Rosa 'Abraham Darby'

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Rosa 'Abraham Darby'
Rosa Abraham Darby.JPG
Genus Rosa hybrid
Hybrid parentage 'Aloha' x 'Yellow Cushion'
Cultivar group English rose
Cultivar 'Abraham Darby'
Marketing names 'AUScot', 'Candy Rain', 'Country Darby tree'
Origin David Austin, England, 1985

Abraham Darby (synonyms 'AUScot', Candy Rain, Country Darby tree) is a popular apricot rose cultivar which was introduced by David Austin in England in 1985. The English rose was bred by crossing the climber 'Aloha' with the floribunda 'Yellow Cushion'[1] and is named after the industrialist Abraham Darby, the constructor of the first iron bridge, which is situated less than 15 km from David Austin's nurseries. The naming happened in collaboration with the Ironbridge Gorge Museum Trust.

Flower colours under rather cold conditions
Flower colours under warm conditions

'Abraham Darby' is an old-fashioned looking rose with many large, showy flowers with a classic quartered shape in an apricot-pink colour which varies with climate and age. It ranges from soft apricot pink on the inside, pale yellow on the outside in warmer areas to a rich peachy pink with lighter edges in cooler climates. Additionally the colour pales as the flower matures. The cupped flowers have an average diameter of 11 cm (4.3 in) and up to 70 petals. They usually have strong, fruity fragrance, grow in small clusters and appear abundantly throughout the season.[2] As the rather heavy flowers tend to bow their heads, Abraham Darby is suited to be trained as a climber.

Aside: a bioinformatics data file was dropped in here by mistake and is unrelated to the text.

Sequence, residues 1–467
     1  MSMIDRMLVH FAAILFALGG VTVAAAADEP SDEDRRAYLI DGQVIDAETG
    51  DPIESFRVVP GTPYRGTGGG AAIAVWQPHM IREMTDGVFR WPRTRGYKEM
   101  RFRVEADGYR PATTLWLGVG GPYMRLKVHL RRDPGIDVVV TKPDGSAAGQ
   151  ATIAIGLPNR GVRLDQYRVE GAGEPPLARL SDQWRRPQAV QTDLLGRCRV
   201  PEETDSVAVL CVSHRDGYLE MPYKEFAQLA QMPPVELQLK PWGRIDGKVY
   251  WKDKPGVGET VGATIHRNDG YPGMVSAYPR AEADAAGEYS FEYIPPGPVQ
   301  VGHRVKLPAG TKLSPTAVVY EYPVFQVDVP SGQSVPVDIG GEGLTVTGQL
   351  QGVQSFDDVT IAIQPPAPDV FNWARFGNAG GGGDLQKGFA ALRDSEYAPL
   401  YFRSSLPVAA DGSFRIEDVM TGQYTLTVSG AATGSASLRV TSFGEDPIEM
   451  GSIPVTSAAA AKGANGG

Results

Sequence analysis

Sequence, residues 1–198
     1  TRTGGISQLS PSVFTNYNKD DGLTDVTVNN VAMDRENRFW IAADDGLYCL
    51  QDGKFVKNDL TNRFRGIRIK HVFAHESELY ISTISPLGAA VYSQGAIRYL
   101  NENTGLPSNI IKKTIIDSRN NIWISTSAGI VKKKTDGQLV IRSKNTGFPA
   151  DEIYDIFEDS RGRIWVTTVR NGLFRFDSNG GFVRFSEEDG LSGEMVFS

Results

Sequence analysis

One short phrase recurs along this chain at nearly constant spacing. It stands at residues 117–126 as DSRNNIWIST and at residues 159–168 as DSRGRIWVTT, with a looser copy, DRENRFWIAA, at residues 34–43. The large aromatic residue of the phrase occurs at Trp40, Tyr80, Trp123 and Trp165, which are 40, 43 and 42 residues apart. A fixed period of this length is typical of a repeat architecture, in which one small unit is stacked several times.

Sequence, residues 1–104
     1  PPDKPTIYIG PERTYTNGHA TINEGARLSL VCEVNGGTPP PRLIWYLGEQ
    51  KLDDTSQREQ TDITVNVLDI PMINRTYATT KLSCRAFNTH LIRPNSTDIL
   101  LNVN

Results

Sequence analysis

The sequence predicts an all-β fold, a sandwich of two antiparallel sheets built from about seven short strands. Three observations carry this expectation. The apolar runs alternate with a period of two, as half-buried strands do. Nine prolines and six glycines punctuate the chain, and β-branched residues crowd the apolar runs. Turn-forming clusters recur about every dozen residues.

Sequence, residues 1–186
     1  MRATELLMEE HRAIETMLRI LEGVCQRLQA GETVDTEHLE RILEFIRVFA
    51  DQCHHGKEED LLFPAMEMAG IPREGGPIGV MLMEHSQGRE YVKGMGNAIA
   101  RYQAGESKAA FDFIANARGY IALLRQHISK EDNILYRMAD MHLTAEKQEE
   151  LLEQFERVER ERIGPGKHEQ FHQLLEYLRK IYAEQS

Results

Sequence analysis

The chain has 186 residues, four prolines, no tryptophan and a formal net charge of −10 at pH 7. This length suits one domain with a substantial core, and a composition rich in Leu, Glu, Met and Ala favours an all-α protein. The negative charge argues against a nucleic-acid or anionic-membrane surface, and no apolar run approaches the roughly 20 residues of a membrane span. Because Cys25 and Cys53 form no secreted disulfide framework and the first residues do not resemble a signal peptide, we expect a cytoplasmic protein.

The cultivar is winter hardy down to -20 °C (USDA zone 6 - 10b) and generally disease resistant, but can be susceptible to rust. The vigorous plant grows very bushy growing approximately 150 to 300 cm (4.9 to 9.8 ft) high and 90 to 150 cm (3.0 to 4.9 ft) wide.[1] It is almost thornless and has glossy, leathery foliage of a medium to dark green colour.[3] Due to its long arching shoots, it can be grown as a freestanding shrub or trained as a climber, if given some support.[2] The cultivar can be used in flower beds, rose borders, landscaping or as container rose in sunny or partially shaded locations, and is well suited as cut flower.[2][4]

'Abraham Darby' is used as a parent rose and was used to hybridise the cultivars 'Crown Princess Margareta' (1991), 'Golden Celebration' (1992), 'Pat Austin' (1995) and 'Marianne' (2001).

References[edit]

  1. ^ a b "'Abraham Darby ®' rose Description". HelpMeFind. Retrieved 2014-09-02. 
  2. ^ a b c Bauer, Ute; Grothe, Bärbel (2010). Quickfinder Rosen [Quickfinder Roses] (in German). Gräfe und Unzer. p. 114. ISBN 978-3-8338-1726-7. 
  3. ^ Peter Beales (2004). Rosen - meine Leidenschaft [Peter Beales - A Passion fFor Roses] (in German). Christian Verlag. p. 146; 241. ISBN 3-88472-646-3. 
  4. ^ "David Austin - Handbook of Roses" (PDF). David Austin Roses limited. 2012. Retrieved 2014-09-02. 

Literature[edit]

  • Austin, David (1992) Old Roses and English Roses

External links[edit]